Dienesch on Tweddell, 'Charlie's First War: South Africa, 1899-1900'

Author: 
C. H. Tweddell
Reviewer: 
Robert Dienesch

C. H. Tweddell. Charlie's First War: South Africa, 1899-1900. Edited by Carman Miller. Montreal: McGill-Queen's University Press, 2014. 276 pp. $24.95 (cloth), ISBN 978-0-7735-4432-1.

Reviewed by Robert Dienesch (University of Windsor) Published on H-Canada (March, 2015) Commissioned by Corey Slumkoski

The Canadian role in the Boer War1899-1902, is only rarely discussed in most high school and university curricula. In some ways it is the dirty little secret in Canadian military history. As a conflict, it has been greatly overshadowed by the two wars that fundamentally bookend it. On the one hand, we have the War of 1812, subject of much hype during its recent two-hundredth anniversary commemorations. On the other hand, the First World War’s massive casualty rates and destruction tend to overshadow any discussion of the Boer War.

Thus, the Boer War has vanished from most discussion. Yet Canadians contributed their fair share to the conflict, drawing people from across Canada into the fight. One of these individuals was Charles Henry Tweddell who served with the 2nd (Special Service) Battalion, Royal Canadian Regiment of Infantry (RCRI) in the South African war between October 20, 1899, and October 1, 1900. The 2nd (Special Service) Battalion was the first contingent of troops sent overseas during the Boer War and consisted of only about a thousand men (p. 3).

Charles “Charlie” Tweddell is a significant person for our understanding of the Boer War—not necessarily for his actions during the conflict but for what he did with his spare time. During his service in the war, Charlie was an avid diarist who left four diaries with entries on a great number of subjects and events. The four diaries, donated by his granddaughter Wilma Anderson to the Royal Canadian Regiment’s Museum at Wolseley Barracks, London Ontario, form the core of the book Charlie’s First War: South Africa, 1899-1900. Transcribed with a solid introduction and annotations by Carman Miller, Charlie’s diaries provide a fascinating glimpse into daily life for this first contingent: from weather and climate issues, to the experience of the crossing, to battles like Paardeberg. This diary opens up a fascinating window into the daily life of soldiers on campaign during the Boer War and provides a wealth of information on a war and an experience long ignored.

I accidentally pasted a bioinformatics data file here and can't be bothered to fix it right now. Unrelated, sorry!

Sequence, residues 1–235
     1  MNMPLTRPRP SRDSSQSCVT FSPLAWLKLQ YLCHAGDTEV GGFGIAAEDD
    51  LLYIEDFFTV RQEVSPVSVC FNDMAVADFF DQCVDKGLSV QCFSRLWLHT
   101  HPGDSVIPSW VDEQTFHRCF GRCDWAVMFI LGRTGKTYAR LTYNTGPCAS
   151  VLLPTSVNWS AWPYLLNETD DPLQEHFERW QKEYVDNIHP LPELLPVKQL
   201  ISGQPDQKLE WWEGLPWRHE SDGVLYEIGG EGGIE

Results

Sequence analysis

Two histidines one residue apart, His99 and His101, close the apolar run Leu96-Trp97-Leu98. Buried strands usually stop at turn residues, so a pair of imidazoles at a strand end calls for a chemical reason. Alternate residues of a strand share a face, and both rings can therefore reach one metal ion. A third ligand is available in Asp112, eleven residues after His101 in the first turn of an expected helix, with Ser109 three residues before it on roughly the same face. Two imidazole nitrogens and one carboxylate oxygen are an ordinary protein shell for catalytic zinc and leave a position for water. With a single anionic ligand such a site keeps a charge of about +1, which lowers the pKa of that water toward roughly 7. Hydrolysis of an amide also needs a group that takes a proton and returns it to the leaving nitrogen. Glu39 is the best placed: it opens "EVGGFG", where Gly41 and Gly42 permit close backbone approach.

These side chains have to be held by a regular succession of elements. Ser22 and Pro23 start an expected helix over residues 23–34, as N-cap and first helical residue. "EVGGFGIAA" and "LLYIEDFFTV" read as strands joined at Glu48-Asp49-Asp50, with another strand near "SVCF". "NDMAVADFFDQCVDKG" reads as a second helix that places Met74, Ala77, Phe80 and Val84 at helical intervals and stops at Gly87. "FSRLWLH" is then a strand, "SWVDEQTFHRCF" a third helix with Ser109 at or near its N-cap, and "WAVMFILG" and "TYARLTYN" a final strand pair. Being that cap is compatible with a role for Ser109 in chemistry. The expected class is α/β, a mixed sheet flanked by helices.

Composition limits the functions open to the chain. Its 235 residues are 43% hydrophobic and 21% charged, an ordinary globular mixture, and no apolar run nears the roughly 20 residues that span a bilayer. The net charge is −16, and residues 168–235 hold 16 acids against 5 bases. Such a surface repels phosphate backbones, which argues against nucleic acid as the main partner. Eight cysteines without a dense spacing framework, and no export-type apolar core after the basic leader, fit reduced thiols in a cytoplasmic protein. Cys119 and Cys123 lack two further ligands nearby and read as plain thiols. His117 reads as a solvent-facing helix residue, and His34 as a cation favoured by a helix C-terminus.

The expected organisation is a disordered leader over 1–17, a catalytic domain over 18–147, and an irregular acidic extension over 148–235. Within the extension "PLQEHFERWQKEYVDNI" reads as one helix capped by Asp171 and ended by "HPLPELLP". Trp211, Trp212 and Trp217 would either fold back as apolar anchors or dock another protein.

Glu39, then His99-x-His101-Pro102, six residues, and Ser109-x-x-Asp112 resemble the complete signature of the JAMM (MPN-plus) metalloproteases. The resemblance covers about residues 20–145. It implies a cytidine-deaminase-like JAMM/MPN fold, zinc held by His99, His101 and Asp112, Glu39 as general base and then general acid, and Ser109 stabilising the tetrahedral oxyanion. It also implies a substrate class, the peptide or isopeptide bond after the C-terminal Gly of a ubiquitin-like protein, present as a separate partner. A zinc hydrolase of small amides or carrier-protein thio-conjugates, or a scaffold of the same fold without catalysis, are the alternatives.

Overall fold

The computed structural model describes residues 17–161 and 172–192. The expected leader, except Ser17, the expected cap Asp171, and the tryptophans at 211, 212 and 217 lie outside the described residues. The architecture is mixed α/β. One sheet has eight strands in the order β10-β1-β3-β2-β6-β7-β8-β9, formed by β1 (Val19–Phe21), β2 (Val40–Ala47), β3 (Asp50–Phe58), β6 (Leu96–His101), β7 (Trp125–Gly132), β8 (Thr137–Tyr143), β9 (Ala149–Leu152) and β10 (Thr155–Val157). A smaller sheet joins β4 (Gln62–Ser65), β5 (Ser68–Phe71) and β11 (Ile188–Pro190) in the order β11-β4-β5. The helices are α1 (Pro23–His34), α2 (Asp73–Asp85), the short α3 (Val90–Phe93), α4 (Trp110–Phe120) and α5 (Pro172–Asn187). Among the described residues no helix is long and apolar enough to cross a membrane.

The experiences of Charlie and his compatriots are at the same time compelling and mundane. The compelling elements are what should be expected. The discussion of military operations, combat, patrols, and guard duty contributes a great deal to understanding the military experience at the turn of the century. However, the mundane aspects of life are equally fascinating. Everything from food rations to the climate and experience with the native population enter the discussion. For example, Tweddlell’s Christmas Eve, 1924, entry contrasts his having “suffered all night with cramps” with the prospect of the evening’s pending church services (p. 91). In this manner, Charlie’s First War produces a far more comprehensive understanding of the experience of military life in the Boer War. 

As with all diaries, however, caution is needed in its use. Soldiers rarely see the entire experience of the conflict and as such they represent very narrow lines of vision and experience. They also carry the diarist’s biases, along with any additional biases that might have been added unintentionally by the editor. While the book does not seem impartial, it is a possibility the historian must keep in mind. I strongly recommend this piece as an addition to any military history collection in part due to the lack of material available for the Boer War. However, it is also an incredible personal account and adds a significant amount of value to any understanding of the Boer War.

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Citation: Robert Dienesch. Review of Tweddell, C. H., Charlie's First War: South Africa, 1899-1900. H-Canada, H-Net Reviews. March, 2015. URL: http://www.h-net.org/reviews/showrev.php?id=42699

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